Visiting Europe is pretty much every traveler’s rite of passage. From the historical architectural masterpieces in Rome to the renowned art and fashion landmarks in Paris. There’s enough to see, explore, and experience there to keep you busy for years on end. You’ve probably been spending countless hours sifting through dozens of guidebooks and scrolling through countless websites, trying to create the perfect itinerary. In doing so, you might have discovered that planning for your grand European adventure can be quite overwhelming, especially if this is your first visit.
Luckily, we’ve assembled a guide that will help you prepare for your first — and certainly not your last— trip to Europe.
Language and Communication
Europe is a vast continent with over 40 countries spread across various regions like Western, Central, and Eastern Europe. Needless to say, this means that there are dozens of languages spoken across Europe with German, Russian, Spanish, Italian, French, and English being the most prevailing. Even if you’re in a big city where English is commonly spoken, it’s always a good idea to learn a few basic words and phrases like “please” and “thank you” in the official language of that country. This will not only prove useful and practical in many situations, but it’s also considered respectable as the locals always appreciate travelers making the effort to speak their language.
There are at least 25 currencies currently used in Europe. This can complicate things for you a bit. While you can choose to withdraw money from a local ATM once you arrive — assuming that your card allows for international transactions— it’s generally advised that you take some money out in advance. Think of it as an emergency travel fund.
Of all the different currencies, the Euro is commonly used in 19 major countries in continental Europe and chances are, you’ll probably be visiting at least one of them. This means that you’ll need to convert your money to Euro beforehand. While many banks will happily do that for you, they usually charge a ridiculously high fee. To avoid these unnecessary expenses, consider using an online currency conversion tool that you can familiarize yourself with if you visit this page; this tool will allow you to compare live interbank rates with travel money exchange rates. As a result, you will be able to find the lowest price currently available for any other currency in the foreign exchange markets.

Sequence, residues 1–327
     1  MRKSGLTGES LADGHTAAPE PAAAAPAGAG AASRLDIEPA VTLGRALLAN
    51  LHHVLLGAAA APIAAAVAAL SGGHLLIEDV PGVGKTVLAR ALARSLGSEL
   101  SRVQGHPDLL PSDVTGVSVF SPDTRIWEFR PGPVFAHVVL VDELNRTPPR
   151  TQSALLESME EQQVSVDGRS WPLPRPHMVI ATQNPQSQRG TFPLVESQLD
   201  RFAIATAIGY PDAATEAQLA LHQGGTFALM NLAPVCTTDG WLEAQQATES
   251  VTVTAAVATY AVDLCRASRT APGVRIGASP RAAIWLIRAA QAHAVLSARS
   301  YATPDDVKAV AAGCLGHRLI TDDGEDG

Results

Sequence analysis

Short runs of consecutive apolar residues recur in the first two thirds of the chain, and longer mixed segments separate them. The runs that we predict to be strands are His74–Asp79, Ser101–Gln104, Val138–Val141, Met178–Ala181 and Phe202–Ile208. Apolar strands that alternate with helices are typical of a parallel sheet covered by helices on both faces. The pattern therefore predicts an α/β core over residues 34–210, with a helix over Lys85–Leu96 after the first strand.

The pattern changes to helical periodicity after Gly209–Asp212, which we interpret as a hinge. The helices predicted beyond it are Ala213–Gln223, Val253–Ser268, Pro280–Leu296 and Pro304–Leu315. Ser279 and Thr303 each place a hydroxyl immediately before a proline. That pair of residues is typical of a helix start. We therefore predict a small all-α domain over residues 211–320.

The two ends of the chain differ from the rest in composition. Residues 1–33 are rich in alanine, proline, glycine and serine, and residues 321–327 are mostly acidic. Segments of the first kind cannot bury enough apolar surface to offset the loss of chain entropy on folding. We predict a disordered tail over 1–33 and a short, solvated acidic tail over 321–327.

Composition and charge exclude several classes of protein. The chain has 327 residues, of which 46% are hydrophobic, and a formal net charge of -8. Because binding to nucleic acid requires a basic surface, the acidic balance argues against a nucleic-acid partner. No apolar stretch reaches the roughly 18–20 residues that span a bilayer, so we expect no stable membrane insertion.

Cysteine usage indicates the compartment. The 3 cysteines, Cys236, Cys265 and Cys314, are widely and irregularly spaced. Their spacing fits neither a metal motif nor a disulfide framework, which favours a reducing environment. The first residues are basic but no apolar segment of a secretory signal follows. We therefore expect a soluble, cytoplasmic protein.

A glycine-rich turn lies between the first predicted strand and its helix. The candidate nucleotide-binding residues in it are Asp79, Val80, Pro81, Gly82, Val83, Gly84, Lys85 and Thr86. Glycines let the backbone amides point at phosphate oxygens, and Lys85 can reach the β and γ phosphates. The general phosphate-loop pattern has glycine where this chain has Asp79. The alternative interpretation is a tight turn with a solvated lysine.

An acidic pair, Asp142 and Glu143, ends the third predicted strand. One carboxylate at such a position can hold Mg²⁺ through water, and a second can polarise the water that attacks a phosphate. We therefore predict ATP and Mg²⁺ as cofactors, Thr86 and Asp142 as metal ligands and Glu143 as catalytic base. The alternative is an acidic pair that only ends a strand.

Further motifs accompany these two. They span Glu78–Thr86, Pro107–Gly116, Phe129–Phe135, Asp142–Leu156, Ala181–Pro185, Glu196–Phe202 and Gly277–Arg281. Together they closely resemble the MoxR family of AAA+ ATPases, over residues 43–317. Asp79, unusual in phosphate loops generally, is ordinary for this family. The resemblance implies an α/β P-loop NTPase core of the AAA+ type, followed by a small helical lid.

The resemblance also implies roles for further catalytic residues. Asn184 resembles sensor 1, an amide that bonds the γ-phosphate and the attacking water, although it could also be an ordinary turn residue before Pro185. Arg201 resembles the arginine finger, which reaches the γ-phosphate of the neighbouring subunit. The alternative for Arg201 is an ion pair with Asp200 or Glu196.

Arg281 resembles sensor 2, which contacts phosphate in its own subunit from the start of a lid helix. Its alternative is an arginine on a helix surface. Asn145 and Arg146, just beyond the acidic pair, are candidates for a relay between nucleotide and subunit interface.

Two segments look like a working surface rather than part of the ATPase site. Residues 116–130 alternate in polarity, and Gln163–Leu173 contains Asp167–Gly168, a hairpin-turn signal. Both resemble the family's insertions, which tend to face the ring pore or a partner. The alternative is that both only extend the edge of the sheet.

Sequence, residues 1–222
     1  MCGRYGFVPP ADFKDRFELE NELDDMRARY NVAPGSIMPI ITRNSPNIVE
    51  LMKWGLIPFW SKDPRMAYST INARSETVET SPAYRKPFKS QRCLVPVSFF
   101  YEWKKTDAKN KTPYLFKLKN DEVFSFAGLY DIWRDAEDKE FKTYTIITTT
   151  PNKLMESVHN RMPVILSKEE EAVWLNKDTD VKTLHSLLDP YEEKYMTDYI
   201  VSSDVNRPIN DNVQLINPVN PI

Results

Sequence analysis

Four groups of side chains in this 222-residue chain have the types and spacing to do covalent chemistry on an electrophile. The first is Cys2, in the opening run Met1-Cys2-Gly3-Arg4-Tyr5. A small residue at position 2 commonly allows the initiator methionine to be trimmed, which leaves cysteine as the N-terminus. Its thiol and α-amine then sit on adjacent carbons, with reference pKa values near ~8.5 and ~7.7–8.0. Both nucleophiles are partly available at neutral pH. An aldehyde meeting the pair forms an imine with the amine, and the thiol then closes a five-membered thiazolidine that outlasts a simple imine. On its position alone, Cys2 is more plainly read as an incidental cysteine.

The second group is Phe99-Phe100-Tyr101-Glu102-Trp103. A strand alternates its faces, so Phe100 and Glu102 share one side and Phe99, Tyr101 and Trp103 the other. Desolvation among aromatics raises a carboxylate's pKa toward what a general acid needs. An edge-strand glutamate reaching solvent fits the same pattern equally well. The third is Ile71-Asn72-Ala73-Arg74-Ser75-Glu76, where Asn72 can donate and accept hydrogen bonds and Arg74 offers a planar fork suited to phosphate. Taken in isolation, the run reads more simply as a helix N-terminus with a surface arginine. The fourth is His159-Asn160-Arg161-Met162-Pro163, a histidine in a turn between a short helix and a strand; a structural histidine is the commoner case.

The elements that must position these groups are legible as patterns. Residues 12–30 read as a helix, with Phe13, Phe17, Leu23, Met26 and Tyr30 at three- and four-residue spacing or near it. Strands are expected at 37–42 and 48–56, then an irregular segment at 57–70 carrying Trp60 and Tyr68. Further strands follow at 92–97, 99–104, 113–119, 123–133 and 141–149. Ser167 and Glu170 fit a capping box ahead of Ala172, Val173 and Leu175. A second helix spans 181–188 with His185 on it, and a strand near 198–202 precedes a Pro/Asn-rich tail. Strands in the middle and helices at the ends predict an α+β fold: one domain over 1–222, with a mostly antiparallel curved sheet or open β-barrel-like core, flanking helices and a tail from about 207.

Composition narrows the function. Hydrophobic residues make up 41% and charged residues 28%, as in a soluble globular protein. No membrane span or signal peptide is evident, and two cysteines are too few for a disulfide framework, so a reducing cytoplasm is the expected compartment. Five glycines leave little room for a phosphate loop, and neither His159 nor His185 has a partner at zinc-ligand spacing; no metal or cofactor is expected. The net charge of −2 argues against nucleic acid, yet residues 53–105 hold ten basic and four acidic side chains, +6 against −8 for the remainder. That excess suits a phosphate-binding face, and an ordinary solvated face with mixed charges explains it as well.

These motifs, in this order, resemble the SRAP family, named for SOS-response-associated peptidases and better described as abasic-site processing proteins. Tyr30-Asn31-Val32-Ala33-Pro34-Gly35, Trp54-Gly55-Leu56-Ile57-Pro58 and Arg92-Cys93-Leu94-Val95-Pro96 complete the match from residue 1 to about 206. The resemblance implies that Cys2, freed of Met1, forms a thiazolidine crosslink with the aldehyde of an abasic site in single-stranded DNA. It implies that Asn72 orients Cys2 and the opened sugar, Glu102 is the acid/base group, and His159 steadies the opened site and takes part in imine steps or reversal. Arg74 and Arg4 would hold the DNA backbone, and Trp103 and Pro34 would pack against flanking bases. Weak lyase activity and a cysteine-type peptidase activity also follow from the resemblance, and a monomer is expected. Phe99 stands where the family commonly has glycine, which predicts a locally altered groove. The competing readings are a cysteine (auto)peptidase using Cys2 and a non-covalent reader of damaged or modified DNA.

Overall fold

Visa Regulations and Limitations
As we mentioned before, Europe has different regions, and some of them require different visas to enter. For instance, many countries in continental Europe, including Germany, Belgium, and France are part of the Schengen Zone while others like the Balkans, the UK, and Ireland are not. Now, those that are part of the Schengen Zone allow you free movement between them. Most major non-European passports such as the Canadian, American, and Australian passports can even stay in that zone without a visa for up to 90 days. On the other hand, the countries in areas outside the Schengen Zone all have separate borders to cross.
This is why it’s important to keep in mind which passport you hold and which European countries you are traveling to when planning your itinerary, and always check the visa restrictions for your passport with your country’s embassy before leaving. This way, you’d know beforehand if you will need to apply for a visa.
From cars, taxis, and bikes to scooters, planes, and railways, you’ll pretty much find every means of transportation known to man in Europe. While you can choose virtually any means to get around, trains are generally considered to be the best means of transportation across the continent, especially if you’re visiting numerous countries. In that case, you should consider purchasing a Eurail Pass. It will allow you to travel through 33 European countries, including Belgium, Switzerland, and Norway at a lesser cost than if you were to purchase individual tickets for every destination.
So there you have it, these are some of the most important things to consider when planning for your first European trip. While the above points may not cover everything, they will certainly point you in the right direction. One last word to the wise; you should try not to go overboard with your itinerary.
With so many places to go and so many things to do, you’ll want to experience as much as humanly possible— understandably so. It’s perfectly fine to create a full itinerary, however, you need to give yourself the chance to truly experience every city you visit, even if that means visiting fewer places. So, when preparing for your long-awaited adventure, do yourself a favor and slow down because, after all, what’s the point of visiting 10 countries if you can barely remember half of what you saw!